The last piece of the puzzle we will mention is related to the psychological impact of beauty ideals. Our manners, our gestures, the way we talk and move, the way we think, are all comprised of many layers which are unconsciously imposed on us by society. The problem is that society is not a unified mass, which means that there aren’t clear parameters that would help us in determining how to become socially acceptable. On the contrary, the relationship between most of the parameters which are out in the open and the ones which are hidden is oppositional, not complementary. The most obvious example are magazines that talk about the social image of natural beauty. These magazines tell women how it’s not so bad to have some extra pounds and emphasize the beauty which comes in the form of different body shapes (Engeln 2017). The media writes about the necessity to be unique, yourself, they even support women who refuse to wear make-up in everyday life (Engeln 2017). However, photoshopped women are regularly on the covers of these magazines, telling other women how to apply make-up and dress nicely, how to feel more confident and be more attractive, even how to become more ‘naturally beautiful’ if you use some of their cosmetic products (ibid.). Psychologist Renee Egneln (2017) presents some incredible data in her book Beauty Sick:

- 34% of girls aged 5 want their bodies to look the same as the women they see on social media

- 40% of girls aged 5-9 want to be skinnier

- over 70% of women confirm how others treat them better if they are more inclined to the beauty ideals seen in the media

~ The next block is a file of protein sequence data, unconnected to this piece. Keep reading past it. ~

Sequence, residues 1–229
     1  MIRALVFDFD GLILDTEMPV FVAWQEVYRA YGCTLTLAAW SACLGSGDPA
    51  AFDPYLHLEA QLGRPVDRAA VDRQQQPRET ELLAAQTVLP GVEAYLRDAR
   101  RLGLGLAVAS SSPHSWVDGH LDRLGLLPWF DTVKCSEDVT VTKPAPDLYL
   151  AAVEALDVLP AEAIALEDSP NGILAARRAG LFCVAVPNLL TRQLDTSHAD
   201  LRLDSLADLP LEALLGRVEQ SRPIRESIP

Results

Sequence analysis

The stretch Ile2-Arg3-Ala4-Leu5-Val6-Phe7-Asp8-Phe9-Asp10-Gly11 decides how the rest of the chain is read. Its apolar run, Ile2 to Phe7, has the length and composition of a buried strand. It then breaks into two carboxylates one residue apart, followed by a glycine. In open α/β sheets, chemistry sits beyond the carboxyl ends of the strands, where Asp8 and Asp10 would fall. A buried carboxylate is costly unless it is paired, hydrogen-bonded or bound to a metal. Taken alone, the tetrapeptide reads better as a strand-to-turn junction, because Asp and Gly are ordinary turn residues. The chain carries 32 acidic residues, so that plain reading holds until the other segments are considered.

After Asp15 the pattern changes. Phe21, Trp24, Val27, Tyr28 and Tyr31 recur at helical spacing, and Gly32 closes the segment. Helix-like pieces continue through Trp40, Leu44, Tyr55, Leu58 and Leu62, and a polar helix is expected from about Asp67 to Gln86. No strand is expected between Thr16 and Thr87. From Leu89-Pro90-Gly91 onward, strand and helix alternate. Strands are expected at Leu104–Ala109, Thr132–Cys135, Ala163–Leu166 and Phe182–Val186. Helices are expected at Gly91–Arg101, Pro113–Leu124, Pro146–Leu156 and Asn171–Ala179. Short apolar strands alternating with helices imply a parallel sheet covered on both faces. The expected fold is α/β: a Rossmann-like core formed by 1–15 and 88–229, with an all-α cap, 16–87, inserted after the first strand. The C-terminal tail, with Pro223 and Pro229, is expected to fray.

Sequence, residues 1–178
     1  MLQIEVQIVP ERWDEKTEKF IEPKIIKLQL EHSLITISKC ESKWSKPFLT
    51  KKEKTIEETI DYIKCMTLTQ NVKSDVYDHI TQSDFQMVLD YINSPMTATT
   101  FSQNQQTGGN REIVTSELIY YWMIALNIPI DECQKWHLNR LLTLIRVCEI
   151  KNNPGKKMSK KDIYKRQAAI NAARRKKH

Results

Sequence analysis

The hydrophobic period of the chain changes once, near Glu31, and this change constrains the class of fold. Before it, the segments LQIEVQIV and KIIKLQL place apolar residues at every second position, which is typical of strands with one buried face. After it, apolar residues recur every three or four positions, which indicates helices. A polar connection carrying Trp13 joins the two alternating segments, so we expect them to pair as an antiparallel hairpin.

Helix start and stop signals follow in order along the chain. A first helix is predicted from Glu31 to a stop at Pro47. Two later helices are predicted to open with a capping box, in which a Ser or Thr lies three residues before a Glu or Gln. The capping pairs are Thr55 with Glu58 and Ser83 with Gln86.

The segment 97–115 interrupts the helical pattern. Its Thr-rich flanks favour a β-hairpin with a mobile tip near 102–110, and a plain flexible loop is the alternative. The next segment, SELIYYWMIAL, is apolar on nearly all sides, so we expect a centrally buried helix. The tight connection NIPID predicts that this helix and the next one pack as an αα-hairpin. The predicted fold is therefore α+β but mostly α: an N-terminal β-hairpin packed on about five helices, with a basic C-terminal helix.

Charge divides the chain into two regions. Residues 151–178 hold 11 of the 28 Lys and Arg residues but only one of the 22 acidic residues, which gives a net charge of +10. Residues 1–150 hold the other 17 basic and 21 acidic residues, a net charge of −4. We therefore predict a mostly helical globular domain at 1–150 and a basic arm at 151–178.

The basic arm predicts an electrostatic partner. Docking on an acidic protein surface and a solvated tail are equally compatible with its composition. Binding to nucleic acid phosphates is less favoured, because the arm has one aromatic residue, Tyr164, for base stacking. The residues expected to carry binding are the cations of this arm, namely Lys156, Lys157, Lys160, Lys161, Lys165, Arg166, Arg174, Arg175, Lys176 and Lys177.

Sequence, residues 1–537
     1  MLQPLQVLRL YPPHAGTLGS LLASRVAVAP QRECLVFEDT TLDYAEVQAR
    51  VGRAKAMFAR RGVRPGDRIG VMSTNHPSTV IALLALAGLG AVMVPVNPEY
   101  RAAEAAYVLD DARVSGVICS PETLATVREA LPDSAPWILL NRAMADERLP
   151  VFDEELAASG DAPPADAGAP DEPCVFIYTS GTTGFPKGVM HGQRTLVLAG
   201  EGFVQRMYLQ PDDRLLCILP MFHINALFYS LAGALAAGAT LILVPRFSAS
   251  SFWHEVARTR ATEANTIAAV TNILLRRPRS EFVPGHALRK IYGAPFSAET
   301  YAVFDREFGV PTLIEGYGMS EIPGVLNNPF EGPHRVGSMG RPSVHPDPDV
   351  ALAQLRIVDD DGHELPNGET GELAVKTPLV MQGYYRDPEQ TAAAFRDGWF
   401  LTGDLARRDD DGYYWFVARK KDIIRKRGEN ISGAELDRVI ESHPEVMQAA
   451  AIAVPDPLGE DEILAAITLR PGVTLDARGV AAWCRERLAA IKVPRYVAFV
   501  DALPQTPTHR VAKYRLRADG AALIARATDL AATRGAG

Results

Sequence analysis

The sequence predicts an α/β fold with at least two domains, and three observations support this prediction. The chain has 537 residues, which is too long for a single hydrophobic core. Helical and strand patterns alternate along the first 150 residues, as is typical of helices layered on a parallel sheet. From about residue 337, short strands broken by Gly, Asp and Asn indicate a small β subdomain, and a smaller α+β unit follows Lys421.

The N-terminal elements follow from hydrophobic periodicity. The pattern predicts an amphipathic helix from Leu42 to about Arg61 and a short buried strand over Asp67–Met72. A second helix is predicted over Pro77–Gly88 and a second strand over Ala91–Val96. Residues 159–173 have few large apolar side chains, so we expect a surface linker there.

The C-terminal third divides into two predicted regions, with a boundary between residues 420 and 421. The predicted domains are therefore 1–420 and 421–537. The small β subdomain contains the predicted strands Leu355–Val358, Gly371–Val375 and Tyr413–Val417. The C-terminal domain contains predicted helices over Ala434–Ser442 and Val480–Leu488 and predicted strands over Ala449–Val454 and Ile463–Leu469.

We have only mentioned some data on the topic of societal beauty, but it doesn’t demonstrate enough about how the beauty ideals put pressure on women and even subconsciously encourage them to spend a lot of money, time, and energy to pursue these ideals. This in the end makes everyday life more challenging for women (ibid.). It would be much easier if we could just point our fingers at men and say how it’s solely their fault for being pressured, but through our observational work in high schools, we saw how many female students put on make-up not to attract the opposite sex, but to appear more attractive than the other girls. Therefore, instead of pointing fingers, we should raise consciousness about this problem because this isn’t just about spending money or time, but about a huge psychological pressure that is felt by women on a daily basis. Societal beauty is the area somewhere in between the media’s perspective and medical perspective of beauty, and it has a significant psychological impact on physical and mental health.